Abstract

The Wallis Islands comprise Uvea, the main island, and 22 islets enclosed by or lying upon a nearly circular barrier reef about 200 miles west of the Samoan group in the Southern Pacific Ocean. The highest point in the group, about 470 feet above sea level, and several crater lakes exist on Uvea Island.

The high islands are composed of olivine basaltic lavas and pyroclastics, except for one cinder cone and its associated flows of oligoclase andesite on Uvea Island. The low islands either are composed of calcareous sand or are erosional remnants of tuff cones and lava domes.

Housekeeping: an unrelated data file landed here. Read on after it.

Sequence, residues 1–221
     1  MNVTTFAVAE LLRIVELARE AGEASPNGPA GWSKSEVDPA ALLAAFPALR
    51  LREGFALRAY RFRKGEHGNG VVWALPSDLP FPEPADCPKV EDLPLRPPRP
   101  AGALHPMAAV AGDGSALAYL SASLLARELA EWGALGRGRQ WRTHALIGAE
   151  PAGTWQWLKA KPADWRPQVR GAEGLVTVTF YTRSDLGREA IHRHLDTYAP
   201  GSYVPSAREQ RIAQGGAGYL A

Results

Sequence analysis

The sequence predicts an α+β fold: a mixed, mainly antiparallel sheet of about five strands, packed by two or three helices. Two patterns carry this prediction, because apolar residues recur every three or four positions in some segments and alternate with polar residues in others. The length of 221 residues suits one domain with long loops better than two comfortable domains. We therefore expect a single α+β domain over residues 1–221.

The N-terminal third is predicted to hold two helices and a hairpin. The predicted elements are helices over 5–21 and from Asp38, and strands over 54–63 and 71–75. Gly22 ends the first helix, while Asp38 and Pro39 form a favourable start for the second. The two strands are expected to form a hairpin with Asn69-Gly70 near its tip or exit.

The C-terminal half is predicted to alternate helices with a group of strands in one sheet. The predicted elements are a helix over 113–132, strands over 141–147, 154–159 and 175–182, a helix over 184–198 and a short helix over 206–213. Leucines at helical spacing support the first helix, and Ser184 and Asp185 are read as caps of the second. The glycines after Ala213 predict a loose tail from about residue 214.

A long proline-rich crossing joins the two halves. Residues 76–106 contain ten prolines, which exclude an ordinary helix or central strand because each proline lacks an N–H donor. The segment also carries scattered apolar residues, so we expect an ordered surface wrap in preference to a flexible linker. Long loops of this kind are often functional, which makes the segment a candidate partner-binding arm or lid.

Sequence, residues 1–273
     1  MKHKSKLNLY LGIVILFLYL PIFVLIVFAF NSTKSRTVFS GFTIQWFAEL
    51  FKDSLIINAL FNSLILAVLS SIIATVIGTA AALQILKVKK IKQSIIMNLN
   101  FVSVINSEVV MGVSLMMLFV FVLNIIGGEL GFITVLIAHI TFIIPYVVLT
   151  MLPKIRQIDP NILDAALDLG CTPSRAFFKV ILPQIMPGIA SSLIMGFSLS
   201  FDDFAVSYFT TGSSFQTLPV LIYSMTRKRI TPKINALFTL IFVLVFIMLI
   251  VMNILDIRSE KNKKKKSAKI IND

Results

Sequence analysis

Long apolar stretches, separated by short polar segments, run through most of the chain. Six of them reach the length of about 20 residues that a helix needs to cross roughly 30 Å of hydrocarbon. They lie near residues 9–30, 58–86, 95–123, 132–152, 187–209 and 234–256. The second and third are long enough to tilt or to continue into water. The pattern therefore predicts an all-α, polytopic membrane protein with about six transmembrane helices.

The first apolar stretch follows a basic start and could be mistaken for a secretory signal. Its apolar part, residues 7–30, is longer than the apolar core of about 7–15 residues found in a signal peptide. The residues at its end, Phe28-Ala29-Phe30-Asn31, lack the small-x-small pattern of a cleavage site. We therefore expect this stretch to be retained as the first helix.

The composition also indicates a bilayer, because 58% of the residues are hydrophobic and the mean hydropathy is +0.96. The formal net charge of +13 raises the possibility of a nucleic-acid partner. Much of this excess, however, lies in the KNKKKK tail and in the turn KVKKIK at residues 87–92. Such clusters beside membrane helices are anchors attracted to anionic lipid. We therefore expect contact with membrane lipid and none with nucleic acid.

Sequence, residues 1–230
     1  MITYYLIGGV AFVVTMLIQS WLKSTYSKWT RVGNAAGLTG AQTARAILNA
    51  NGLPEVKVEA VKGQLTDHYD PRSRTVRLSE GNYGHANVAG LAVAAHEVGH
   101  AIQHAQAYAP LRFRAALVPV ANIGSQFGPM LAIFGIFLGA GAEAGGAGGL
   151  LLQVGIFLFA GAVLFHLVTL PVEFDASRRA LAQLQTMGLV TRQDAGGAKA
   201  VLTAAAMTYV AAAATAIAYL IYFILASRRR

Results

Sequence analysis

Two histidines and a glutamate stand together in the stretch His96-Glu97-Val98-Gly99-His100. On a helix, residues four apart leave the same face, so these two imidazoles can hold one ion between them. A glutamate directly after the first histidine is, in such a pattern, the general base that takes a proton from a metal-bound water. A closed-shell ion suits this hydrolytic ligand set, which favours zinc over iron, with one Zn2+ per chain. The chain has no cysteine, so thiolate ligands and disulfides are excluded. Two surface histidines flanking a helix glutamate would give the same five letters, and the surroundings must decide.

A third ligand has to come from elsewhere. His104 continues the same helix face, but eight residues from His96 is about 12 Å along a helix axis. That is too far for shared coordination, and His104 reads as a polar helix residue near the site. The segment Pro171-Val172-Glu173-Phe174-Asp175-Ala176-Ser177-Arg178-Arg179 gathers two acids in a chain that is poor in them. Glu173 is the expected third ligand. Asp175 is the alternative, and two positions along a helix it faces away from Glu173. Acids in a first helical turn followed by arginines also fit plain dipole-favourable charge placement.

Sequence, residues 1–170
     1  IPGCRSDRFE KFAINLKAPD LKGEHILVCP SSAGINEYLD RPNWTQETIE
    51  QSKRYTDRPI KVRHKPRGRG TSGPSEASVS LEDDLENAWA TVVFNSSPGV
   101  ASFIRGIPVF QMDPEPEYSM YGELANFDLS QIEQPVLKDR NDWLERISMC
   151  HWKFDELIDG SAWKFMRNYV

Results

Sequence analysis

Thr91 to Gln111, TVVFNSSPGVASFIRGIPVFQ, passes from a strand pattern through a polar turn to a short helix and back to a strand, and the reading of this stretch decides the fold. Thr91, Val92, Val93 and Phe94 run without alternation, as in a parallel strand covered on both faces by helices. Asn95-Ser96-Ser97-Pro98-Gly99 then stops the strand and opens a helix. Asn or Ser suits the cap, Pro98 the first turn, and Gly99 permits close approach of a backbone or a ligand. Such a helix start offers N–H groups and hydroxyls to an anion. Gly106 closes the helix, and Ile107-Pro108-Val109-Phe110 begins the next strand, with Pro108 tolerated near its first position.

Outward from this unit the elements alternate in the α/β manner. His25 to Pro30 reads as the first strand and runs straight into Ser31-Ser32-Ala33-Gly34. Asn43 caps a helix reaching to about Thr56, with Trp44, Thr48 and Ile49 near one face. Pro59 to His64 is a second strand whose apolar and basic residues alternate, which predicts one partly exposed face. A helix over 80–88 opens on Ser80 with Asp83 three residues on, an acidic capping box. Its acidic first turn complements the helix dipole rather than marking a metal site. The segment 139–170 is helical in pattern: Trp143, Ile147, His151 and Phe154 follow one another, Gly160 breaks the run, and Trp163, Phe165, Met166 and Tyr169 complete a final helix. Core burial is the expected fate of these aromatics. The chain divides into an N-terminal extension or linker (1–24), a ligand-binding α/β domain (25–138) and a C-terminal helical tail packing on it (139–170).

Uvea Island was built by the coalescence of lava flows from 19 volcanic vents. The vents comprise 15 flat shield-shaped lava cones, 3 consolidated ash cones, and 1 cinder cone. Except for two Recent lava cones barely covered with soil, the bulk of the island is composed of deeply weathered middle Pleistocene(?) volcanics. Lavas of intermediate age do not exist. Limestone ejecta in the tuff cones indicate that the whole group is built on a submerged reef, probably about 180 feet below sea level. This reef presumably rests on a Tertiary basaltic volcano. Definite evidence of emerged shore lines at 25 and 5 feet above mean sea level exists, as well as evidence suggestive of higher stands.

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